Warren K. Funk sometimes jokes about arming his car with a double-barreled shotgun that could be rigged so it would fire on would-be thieves.
Probably not a prudent idea, concedes Funk, the support services manager for the city of Monterey Park. But this is what goes through the head of a man who has had three cars stolen in just 2 1/2 years.
One of them, a racy blue Toyota Celica, was even snatched from his reserved parking space right across from City Hall. The next morning, police found its hollowed chassis on a nearby street, stripped to bare metal, minus seats, doors, dashboard, sunroof and steering wheel.
"Going three for three is not a distinction I would particularly like to be known for," said Funk, a retired Air Force major who moved from Northern California to the San Gabriel Valley in 1987. "But I must admit the rapidity with which my cars have been latched onto is certainly something to make you shake your head at."
Funk is not the only one shaking his head. Over the last five years, 15 San Gabriel Valley cities have experienced increases of more than 100% in their rates of auto theft--making it the fastest growing crime in the region.
Virtually no city has been spared, from tiny Walnut, where the number of stolen cars has nearly quadrupled since 1984, to West Covina, whose 1,558 pilfered vehicles was tops in the San Gabriel Valley last year.
Other cities where grand theft auto has more than doubled in the last five years include Azusa, Baldwin Park, Covina, Claremont, Duarte, El Monte, Glendora, La Puente, La Verne, Monterey Park, Rosemead, San Dimas and San Gabriel.
"Basically, if you're leaving your car on the street overnight, you're taking your chances," said Monterey Park Police Detective Walt Osman. "It's fair game."
Auto theft in the San Gabriel Valley as a whole has jumped 96% since 1984, from 6,084 thefts to 11,896 in 1988--probably the most dramatic rate of increase in any region of Los Angeles County, according to FBI crime statistics.
The city of Los Angeles, still the stolen car capital of the state with 62,709 vehicles snatched last year, registered a modest 28% increase in that period.
Authorities have no ready answers to explain why the crime has soared so rapidly in the San Gabriel Valley, except to say that the jump has merely brought the area up to parity with the rest of Southern California.
Growth and rapid immigration, the development of large shopping mall parking lots, and the increasingly lucrative used auto parts market all help to make the problem worse, police said.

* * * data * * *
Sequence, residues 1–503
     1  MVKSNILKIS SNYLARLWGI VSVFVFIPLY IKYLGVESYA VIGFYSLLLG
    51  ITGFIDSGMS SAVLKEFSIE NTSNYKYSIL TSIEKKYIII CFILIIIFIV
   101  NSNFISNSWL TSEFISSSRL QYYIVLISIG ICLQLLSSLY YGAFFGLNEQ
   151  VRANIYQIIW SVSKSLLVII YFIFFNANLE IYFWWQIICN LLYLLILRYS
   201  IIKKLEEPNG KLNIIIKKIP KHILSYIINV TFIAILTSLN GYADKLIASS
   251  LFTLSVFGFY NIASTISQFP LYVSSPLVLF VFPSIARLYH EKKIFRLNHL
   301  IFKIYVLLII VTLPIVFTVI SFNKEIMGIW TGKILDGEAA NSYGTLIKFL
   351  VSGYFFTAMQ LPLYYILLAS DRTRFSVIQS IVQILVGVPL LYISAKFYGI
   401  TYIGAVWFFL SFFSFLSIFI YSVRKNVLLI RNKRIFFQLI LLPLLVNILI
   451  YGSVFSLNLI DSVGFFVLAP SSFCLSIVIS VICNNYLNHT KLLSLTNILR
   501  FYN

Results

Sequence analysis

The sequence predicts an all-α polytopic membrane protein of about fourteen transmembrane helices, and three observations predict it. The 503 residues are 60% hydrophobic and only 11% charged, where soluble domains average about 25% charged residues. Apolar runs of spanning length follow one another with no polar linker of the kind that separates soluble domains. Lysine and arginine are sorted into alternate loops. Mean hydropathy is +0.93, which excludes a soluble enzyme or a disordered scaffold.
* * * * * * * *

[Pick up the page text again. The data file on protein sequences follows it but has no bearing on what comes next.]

Perhaps most of all, they added, the courts have been reluctant to throw juvenile auto thieves in jail when detention facilities are already full with hardened gang members, drive-by shooters and crack dealers.
"It's become a low-risk, high-profit crime," said Lt. Chuck Shipley, who heads the vehicle theft unit for the southern division of the California Highway Patrol. "You can go out and steal a $10,000 car . . . and there's a chance you might not even serve time."
Take the nine Vietnamese teen-agers arrested by Monterey Park police last February after detectives observed them, clad in surgical gloves and wielding power tools, stripping two Toyota Celicas in the carport of an apartment complex.
Police alleged that the youths were responsible for stealing at least 25 cars in the previous month, stripping them in their makeshift "chop shop" and dumping the empty hulls on neighborhood streets.
But when Detective Wes Clair tried to get prosecutors to file charges against the nine, he said he was instructed to simply release the youths to the custody of their parents.
Three days later, all of them were arrested again in Santa Ana for allegedly stealing four cars in one continuous spree. They each served about three months in juvenile detention facilities for the offenses, said Clair.
"It's amazing," he said. "There's one 15-year-old kid who I've arrested seven times."
A special directive issued by Dist. Atty. Ira Reiner last June urged his staff to seek maximum penalties in all auto theft cases, but prosecutors say the mostly juvenile offenders still frequently get off without doing time.
"Everybody's overburdened," said Fred Kubik, head of the juvenile division in the Pasadena branch of the district attorney's office. "We view it as a serious crime, but, yes, they do get off too easily."
Of course, police say, it would help if people would lock their cars. One of every five vehicles stolen has either a door unlocked or the keys left in the ignition, the CHP says.
Anti-theft devices, such as alarms or locking bars that hook to the steering wheel, also serve as deterrents, officers say. But many motorists don't think of that until they've already been victimized.
"People just figure it could never happen to them," said Don Schulz, assistant manager in Pasadena of Al and Ed's Autosound, which installs 20 to 25 alarm systems a week. "Very rarely will anyone come here unless they've already been ripped off or a friend has."